Published: 16:00 GMT Daylight Time - Monday 26 March 2012
Christian ethnic groups harassed and abused by Burmese army
Country/Region: Myanmar, Burma, South and East Asia
A conference of over 1,000 Chin Christians was disrupted by Burmese soldiers, while a brutal military offensive against another predominantly Christian ethnic group continues.
Several soldiers interrupted the gathering of delegates from 80 local branches of the Chin Evangelical Church at Sabawngte village in Matupi Township, southern Chin state, on 10 March.
Ethnic minority Christians are often targeted by the Burmese military
They rebuked the village headman for not informing them about the event, although permission had been obtained, as required for Christian gatherings, from the township general administrative office.
Pu Van Cin, a Chin MP from the Ethnic National Development Party, had a gun pointed at his stomach by an army captain when he tried to intervene.
The soldiers continued to disrupt the conference for the rest of the day, and at night, as the worship service was about to begin, a captain carrying a gun entered the makeshift church while ten soldiers stood guard around it. They returned to their camp the next day.
The conference, which ran from 8-13 March, then continued without further disruption.
The Chin are estimated to be 90% Christian. Most Christians in Burma are from non-Burman ethnic minorities; they are frequently targeted by the military because of both their faith and their ethnicity.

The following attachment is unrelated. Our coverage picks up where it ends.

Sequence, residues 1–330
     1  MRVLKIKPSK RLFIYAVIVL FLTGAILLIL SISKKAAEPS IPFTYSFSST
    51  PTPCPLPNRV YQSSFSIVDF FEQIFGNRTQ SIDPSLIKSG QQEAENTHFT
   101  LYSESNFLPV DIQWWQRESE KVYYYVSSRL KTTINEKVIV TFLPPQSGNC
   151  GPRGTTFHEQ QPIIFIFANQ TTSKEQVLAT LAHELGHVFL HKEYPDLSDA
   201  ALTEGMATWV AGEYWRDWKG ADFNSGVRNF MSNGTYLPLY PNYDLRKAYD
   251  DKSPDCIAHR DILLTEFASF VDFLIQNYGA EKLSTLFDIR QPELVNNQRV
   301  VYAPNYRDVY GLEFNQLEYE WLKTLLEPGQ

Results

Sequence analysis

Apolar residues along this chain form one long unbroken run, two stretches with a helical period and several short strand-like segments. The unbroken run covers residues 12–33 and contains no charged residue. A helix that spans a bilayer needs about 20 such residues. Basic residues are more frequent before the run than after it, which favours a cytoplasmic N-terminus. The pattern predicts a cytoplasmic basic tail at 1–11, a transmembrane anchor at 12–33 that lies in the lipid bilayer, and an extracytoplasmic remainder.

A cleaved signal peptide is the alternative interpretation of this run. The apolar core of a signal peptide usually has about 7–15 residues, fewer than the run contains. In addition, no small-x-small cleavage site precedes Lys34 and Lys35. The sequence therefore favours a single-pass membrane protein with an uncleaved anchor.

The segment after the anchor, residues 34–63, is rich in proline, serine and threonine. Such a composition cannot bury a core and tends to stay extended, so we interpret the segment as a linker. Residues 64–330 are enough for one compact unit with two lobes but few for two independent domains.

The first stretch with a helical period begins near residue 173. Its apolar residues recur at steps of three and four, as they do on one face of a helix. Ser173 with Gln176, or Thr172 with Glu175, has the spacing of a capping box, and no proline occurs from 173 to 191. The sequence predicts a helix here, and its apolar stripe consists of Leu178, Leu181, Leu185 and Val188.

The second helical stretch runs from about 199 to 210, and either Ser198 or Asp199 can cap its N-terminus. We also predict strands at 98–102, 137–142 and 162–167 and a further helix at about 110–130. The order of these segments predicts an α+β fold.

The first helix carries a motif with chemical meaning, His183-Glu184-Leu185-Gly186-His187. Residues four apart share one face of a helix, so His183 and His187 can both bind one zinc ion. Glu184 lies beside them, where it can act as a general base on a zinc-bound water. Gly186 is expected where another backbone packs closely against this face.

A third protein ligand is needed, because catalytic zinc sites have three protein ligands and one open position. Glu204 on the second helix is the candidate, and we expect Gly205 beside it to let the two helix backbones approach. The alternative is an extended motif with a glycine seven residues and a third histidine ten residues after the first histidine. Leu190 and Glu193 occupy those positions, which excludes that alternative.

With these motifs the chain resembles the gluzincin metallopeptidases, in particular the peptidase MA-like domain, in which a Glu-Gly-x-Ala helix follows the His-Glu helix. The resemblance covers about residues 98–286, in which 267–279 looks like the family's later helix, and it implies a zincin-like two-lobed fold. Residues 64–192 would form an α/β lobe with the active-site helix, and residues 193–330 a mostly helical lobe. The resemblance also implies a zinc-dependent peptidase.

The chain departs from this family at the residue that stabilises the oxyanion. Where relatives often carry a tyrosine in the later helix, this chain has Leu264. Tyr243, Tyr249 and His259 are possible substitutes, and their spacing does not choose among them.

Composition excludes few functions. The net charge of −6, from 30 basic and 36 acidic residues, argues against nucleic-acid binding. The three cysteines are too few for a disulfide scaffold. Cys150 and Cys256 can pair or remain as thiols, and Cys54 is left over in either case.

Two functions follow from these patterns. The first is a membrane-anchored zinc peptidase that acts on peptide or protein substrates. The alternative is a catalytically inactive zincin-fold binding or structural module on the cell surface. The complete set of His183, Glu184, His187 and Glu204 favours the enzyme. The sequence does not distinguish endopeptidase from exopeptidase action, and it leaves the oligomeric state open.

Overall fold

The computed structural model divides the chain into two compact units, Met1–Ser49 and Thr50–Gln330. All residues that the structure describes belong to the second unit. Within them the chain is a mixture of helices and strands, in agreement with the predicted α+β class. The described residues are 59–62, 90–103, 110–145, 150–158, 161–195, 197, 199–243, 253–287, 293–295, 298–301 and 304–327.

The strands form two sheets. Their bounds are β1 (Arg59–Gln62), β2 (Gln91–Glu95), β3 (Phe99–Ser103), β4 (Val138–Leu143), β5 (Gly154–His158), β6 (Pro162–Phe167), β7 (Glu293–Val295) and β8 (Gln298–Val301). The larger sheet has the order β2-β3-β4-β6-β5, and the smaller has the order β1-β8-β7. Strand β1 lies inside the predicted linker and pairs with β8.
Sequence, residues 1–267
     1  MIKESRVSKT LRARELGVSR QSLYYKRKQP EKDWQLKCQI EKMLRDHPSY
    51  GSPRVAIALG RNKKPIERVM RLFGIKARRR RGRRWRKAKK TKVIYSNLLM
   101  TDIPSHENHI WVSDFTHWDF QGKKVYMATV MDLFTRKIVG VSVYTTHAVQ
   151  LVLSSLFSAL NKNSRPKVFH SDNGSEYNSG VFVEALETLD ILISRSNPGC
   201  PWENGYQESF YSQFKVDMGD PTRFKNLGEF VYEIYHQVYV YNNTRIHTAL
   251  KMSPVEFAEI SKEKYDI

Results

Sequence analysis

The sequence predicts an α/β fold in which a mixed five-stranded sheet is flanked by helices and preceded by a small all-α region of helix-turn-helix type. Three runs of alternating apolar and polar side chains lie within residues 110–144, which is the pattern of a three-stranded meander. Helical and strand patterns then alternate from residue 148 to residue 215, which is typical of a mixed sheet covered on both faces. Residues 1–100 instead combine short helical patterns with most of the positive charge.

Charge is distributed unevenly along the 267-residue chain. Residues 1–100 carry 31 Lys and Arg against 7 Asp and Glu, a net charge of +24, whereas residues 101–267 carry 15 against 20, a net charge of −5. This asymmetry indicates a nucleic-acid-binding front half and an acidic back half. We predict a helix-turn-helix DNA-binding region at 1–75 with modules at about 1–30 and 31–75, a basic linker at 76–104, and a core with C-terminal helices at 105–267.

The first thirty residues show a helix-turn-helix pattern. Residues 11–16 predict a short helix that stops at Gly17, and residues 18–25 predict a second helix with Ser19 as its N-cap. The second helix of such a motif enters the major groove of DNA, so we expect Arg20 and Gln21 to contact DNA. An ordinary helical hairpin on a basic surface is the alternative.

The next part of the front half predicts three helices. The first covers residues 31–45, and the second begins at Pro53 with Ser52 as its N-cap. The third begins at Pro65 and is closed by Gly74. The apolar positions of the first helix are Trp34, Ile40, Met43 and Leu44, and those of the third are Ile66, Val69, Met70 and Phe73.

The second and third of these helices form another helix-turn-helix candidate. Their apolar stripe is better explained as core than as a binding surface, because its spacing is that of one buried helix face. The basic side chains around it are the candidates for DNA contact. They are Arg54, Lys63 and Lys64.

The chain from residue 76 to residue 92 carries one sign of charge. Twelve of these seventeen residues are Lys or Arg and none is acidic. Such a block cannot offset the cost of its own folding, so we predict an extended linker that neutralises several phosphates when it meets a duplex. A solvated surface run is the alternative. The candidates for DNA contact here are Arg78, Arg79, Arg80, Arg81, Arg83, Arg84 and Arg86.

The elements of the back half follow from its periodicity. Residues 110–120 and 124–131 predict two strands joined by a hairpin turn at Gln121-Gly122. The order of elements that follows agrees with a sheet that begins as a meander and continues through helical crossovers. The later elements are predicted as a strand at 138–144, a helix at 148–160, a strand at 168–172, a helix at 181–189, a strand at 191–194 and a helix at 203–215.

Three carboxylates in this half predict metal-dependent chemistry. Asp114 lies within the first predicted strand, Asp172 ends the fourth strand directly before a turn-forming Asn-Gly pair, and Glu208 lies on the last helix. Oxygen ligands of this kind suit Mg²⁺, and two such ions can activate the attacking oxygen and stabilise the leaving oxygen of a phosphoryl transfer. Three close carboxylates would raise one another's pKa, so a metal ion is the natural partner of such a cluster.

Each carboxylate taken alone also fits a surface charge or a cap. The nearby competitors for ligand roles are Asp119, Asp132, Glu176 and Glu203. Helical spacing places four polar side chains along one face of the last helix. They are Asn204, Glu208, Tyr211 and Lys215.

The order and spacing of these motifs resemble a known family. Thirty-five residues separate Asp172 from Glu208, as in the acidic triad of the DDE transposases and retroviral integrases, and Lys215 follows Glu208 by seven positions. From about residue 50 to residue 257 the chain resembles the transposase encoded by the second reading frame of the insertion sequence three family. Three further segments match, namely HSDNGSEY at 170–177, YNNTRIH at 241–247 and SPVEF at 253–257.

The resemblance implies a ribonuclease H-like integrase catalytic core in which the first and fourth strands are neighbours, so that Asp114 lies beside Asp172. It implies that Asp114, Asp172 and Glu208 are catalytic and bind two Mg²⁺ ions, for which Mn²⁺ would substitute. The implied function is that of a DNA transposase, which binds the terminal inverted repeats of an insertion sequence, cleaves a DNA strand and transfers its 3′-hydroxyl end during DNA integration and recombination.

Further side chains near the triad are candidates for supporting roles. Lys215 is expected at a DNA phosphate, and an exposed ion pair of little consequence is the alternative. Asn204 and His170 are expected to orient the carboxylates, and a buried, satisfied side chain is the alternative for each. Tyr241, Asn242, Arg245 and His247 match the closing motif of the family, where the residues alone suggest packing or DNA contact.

Salai Za Uk Ling, program director for the Chin Human Rights Organisation, said, “It is very difficult for Chin Christians to hold large gatherings without harassment and disruption.”
Brutal offensive continues
Elsewhere, in Kachin – another predominantly Christian state – the Burmese military is continuing its brutal offensive; this has led to the displacement of some 75,000 people, who are in desperate need of food, medicine and shelter.
Human Rights Watch said that the Burmese army has attacked Kachin villages, razed homes, pillaged properties, threatened and tortured civilians during interrogations and raped women. Children as young as 14 have been conscripted as forced labourers.
The military launched its offensive in Kachin State in June; it broke a 17-year ceasefire with the Kachin Independence Organisation, which controls the territory, by attacking ethnic forces.
Soldiers have seized churches, fired at worshippers and imposed severe restrictions on Christian activities.
Burma has been commended by the international community for the recent human rights and pro-democracy reforms it has made, but continuing abuses against the predominantly Christian ethnic-minority groups show that the country still has a long way to go.
There is hope of further improvement, as by-elections on 1 April have been opened up to the opposition. The greatly respected pro-democracy leader Aung San Suu Kyi is running for a seat in the national parliament.
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